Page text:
Ten Years Later, Burr Oak Scandal Still Haunts Chicago

Employees were accused of digging up bodies and reselling plots

Ten years ago, Chicago-area residents woke up to a story that sounded like the plot line of their worst nightmare.

Employees of Burr Oak Cemetery in suburban Alsip were accused of digging up bodies and re-selling the burial plots, disposing of bones in a remote area on the cemetery’s northern edge.

Investigators raided the cemetery July 8, 2009.

“I don’t think anybody was able to get their arms fully around just the magnitude of it,” said Sheriff Tom Dart, whose office coordinated the investigation.

“The reason we caught them, was they got so reckless toward the end but if they had not done that, I don’t know when we would have found this thing out,” he added.

The cemetery was legendary in Chicago’s African-American community. Tracing its origin to the twenties, it was the final resting place of figures like civil rights icon Emmett Till, and boxing legend Ezzard Charles.

Dart noted the crime was rather simple, especially in cases of older graves that were often rarely visited.

“It wasn’t hard then to walk someone over to a lot, a plot, and say, ‘listen this is gorgeous, you can have that,’" he said. "People had no idea there’s someone already in there.”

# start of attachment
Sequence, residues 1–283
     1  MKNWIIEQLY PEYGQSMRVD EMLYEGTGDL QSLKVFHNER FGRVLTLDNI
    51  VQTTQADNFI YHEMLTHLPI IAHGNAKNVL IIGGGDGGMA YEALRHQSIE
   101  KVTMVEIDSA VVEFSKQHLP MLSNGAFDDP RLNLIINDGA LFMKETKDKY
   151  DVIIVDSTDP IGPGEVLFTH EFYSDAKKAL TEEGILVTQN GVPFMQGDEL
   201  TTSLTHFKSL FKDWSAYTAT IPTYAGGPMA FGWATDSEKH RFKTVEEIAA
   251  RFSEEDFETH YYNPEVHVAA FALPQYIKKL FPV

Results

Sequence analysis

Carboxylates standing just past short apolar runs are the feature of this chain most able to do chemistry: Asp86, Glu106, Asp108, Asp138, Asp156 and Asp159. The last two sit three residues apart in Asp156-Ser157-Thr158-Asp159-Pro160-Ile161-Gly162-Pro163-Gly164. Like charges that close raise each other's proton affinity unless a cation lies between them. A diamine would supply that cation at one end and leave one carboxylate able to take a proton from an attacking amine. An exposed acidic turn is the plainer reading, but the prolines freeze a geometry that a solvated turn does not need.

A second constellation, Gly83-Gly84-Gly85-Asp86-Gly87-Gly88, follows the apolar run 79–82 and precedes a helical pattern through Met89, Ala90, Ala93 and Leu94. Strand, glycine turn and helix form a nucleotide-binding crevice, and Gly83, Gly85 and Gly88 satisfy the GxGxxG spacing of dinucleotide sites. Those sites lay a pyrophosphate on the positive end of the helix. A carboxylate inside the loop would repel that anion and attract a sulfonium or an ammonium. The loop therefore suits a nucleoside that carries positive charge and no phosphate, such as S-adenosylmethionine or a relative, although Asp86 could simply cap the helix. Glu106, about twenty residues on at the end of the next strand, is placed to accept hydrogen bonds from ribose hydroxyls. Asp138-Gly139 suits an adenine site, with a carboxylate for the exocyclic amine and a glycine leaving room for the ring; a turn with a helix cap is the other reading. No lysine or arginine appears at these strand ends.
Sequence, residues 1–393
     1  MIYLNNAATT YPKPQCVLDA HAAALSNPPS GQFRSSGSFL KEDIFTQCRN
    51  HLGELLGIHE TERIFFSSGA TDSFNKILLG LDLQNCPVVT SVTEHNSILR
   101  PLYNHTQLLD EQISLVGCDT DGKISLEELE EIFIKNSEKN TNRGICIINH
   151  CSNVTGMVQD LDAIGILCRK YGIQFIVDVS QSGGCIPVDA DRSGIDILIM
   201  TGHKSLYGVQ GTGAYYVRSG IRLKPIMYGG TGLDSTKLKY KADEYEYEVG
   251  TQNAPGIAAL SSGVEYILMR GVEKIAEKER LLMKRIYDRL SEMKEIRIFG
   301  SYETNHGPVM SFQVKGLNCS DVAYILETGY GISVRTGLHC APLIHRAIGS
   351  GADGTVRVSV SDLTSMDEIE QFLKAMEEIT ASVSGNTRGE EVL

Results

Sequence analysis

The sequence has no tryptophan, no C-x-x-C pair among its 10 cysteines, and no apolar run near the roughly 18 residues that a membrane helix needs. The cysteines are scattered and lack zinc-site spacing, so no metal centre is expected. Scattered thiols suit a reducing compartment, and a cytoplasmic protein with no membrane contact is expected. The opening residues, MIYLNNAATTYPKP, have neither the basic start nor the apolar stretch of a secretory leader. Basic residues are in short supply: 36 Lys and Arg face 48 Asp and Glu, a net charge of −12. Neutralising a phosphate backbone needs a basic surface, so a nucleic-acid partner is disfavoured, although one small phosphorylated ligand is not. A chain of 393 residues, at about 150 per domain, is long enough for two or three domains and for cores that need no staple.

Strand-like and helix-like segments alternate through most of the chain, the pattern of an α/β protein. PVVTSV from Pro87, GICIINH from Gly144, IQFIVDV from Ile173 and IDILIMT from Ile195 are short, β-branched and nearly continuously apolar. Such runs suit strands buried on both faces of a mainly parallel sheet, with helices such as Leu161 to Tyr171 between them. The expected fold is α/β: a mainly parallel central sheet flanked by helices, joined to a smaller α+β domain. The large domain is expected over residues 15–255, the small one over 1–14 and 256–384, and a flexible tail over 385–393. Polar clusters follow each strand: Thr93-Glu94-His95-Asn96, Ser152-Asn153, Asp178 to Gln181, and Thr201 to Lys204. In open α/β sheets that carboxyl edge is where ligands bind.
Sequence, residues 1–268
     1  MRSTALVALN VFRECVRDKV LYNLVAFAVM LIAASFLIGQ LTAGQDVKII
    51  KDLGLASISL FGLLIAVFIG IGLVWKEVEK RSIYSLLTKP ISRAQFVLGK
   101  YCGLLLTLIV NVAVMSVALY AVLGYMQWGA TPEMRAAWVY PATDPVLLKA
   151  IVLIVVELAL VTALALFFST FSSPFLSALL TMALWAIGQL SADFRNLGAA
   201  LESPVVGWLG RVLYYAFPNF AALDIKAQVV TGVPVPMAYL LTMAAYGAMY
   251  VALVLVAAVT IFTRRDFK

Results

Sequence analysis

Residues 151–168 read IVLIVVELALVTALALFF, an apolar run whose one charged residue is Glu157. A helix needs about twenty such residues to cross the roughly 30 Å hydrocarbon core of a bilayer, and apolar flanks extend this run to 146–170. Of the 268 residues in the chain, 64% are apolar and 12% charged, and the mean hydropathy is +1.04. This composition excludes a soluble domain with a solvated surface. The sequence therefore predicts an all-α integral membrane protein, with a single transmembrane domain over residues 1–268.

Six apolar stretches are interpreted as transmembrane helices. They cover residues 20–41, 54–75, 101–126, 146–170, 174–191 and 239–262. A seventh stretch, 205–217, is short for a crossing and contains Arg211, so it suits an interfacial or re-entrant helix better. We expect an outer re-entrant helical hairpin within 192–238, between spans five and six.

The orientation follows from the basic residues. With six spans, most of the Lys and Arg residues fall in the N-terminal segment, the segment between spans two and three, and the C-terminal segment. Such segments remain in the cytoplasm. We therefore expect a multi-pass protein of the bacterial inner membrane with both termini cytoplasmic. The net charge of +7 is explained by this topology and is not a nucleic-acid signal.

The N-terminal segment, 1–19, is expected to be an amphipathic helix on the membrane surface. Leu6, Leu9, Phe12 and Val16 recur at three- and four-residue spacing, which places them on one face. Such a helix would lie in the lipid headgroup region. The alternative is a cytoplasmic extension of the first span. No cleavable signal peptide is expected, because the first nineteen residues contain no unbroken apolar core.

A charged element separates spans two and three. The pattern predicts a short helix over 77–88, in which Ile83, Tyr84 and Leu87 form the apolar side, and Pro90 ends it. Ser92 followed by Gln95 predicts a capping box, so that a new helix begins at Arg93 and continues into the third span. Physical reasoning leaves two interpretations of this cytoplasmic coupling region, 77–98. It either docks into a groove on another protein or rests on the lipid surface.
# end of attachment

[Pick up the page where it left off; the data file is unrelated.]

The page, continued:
The case had come in as a complaint from the cemetery’s owners of potential improprieties. Sgt. Jason Moran, who led the investigation, recalled his first visit to the property on June 3.

“The very first skeletal remains that I saw was the upper and lower jawbone containing teeth of a deceased individual,” he said. “I saw there were skeletal remains coming out of these piles of dirt.”

Moran says he next began to interview employees, family members of decedents, even neighbors of the cemetery.

“That’s when we knew that graves were being desecrated,” he said. “Remains were being crudely removed to make room for new burials.”

But the question was how many. The Sheriff’s office called in the FBI, which used infrared cameras to survey the entire site—roughly the size of six football fields. Those images quickly revealed areas of disturbed soil, which gave investigators a better idea of where to search.

“First thing we wanted to do was figure out how big is this crime scene,” said FBI’s Doug Seccombe. “This six-football-field crime scene went down to two football fields in one night.”

But there were further complications. as the cemetery’s records were a mess, literally caked with mold. Investigators found it difficult to determine where people should have been buried, let alone whether they were actually there.

In addition, recovered evidence needed to come from the preceding five years, for charging purposes.

“You look for things inside the grave that give you a date stamp,” said Seccombe.

He noted investigators kept finding traces of a certain type of moss, which was dated by a scientist from the Field Museum. Broken mulberry branches were analyzed by the Morton Arboretum and buried grass fragments by the University of Illinois.